Captain Philips (PG-13, 4.5/5 stars, closed captions available, currently priced at $3.99 to rent and $12.99 to buy)
Captain Phillips is a multi-layered examination of the 2009 hijacking of the U.S. container ship Maersk Alabama by a crew of Somali pirates. It is – through director Paul Greengrass’s distinctive lens – simultaneously a pulse-pounding thriller, and a complex portrait of the myriad effects of globalization.
The film focuses on the relationship between the Alabama’s commanding officer, Captain Richard Phillips (two time Academy Award®-winner Tom Hanks), and the Somali pirate captain, Muse (Barkhad Abdi), who takes him hostage.
Phillips and Muse are set on an unstoppable collision course when Muse and his crew target Phillips’ unarmed ship; in the ensuing standoff, 145 miles off the Somali coast, both men will find themselves at the mercy of forces beyond their control.
– Written by Sony Pictures Entertainment
The Fifth Estate (R, no reviews yet, closed captions available, currently priced at $4.99 to rent and $14.99 to buy)
The story begins as WikiLeaks founder Julian Assange (Benedict Cumberbatch) and his colleague Daniel Domscheit-Berg (Daniel Brühl) team up to become underground watchdogs of the privileged and powerful.
On a shoestring, they create a platform that allows whistle-blowers to anonymously leak covert data, shining a light on the dark recesses of government secrets and corporate crimes. Soon, they are breaking more hard news than the world’s most legendary media organizations combined.
But when Assange and Berg gain access to the biggest trove of confidential intelligence documents in U.S. history, they battle each other and a defining question of our time: what are the costs of keeping secrets in a free society—and what are the costs of exposing them?
– Written by DreamWorks Pictures
Carrie (R, 3.5/5 stars, closed captions available, currently priced at $4.99 to rent and $14.99 to buy)
The outcast teenager Carrie White is bullied by her mates at high-school. Her mother Margaret White is a pious and paranoid woman that sees sin everywhere and the need to self-inflict punishment. When Carrie has her first period, she does not understand what is happening to her and her mates humiliate her in the [locker] room.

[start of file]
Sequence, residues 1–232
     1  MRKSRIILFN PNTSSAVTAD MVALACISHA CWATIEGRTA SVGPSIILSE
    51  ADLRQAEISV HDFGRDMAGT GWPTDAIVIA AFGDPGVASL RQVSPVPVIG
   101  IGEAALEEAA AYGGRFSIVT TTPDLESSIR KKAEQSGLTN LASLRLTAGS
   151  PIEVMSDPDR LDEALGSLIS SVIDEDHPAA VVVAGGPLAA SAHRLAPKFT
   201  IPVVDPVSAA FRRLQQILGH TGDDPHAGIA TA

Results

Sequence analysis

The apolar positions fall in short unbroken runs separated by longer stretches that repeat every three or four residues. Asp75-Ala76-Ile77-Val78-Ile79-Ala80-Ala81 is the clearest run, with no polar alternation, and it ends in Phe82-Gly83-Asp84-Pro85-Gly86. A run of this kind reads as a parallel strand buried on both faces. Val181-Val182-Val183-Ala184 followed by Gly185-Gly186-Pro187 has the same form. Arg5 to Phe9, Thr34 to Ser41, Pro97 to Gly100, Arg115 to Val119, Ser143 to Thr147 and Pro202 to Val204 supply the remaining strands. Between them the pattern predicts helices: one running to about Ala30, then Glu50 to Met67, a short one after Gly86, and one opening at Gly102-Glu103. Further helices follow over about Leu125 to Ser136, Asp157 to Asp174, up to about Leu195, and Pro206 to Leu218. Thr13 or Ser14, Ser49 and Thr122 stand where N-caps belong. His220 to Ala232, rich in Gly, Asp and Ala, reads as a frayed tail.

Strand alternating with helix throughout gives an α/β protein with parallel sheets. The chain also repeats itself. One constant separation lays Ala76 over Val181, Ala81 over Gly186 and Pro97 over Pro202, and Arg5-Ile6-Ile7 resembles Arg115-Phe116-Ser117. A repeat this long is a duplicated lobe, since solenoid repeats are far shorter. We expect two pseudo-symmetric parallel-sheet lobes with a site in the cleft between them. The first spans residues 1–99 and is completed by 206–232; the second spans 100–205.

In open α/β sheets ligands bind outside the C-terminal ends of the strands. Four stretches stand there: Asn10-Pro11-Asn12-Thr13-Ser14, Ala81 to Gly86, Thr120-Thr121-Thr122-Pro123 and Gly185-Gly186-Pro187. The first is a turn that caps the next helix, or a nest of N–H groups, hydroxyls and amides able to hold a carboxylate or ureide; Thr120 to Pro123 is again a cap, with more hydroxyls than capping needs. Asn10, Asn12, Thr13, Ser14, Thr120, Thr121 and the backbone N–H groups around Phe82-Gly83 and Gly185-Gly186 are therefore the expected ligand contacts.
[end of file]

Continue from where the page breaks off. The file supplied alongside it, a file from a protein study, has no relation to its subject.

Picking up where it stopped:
The spiteful Chris Hargensen videotapes Carrie with her cell phone and posts [the video to the] Internet. Their teacher Ms. Desjardin punishes the students and Chris challenges her and is suspended and consequently she can not go to the prom.
Meanwhile Carrie discovers that she has telekinesis and leans how to control her ability. The popular Sue Snell feels bad with her attitude towards Carrie and asks her boyfriend Tommy Ross to invite Carrie to go with him to the prom to make up for what she did to Carrie.
But Chris and her boyfriend Billy Nolan plot an evil prank with her friends to seek vengeance for Carrie with tragic consequences.
– Written by Claudio Carvalho
Rush (R, 4.5/5 stars, closed captions available, currently priced at $4.99 to rent and $12.99 to buy)
Set against the sexy, glamorous golden age of Formula 1 racing in the 1970s, the film is based on the true story of a great sporting rivalry between handsome English playboy James Hunt (Hemsworth), and his methodical, brilliant opponent, Austrian driver Niki Lauda (Bruhl).
The story follows their distinctly different personal styles on and off the track, their loves and the astonishing 1976 season in which both drivers were willing to risk everything to become world champion in a sport with no margin for error: if you make a mistake, you die.
– Written by P. Morgan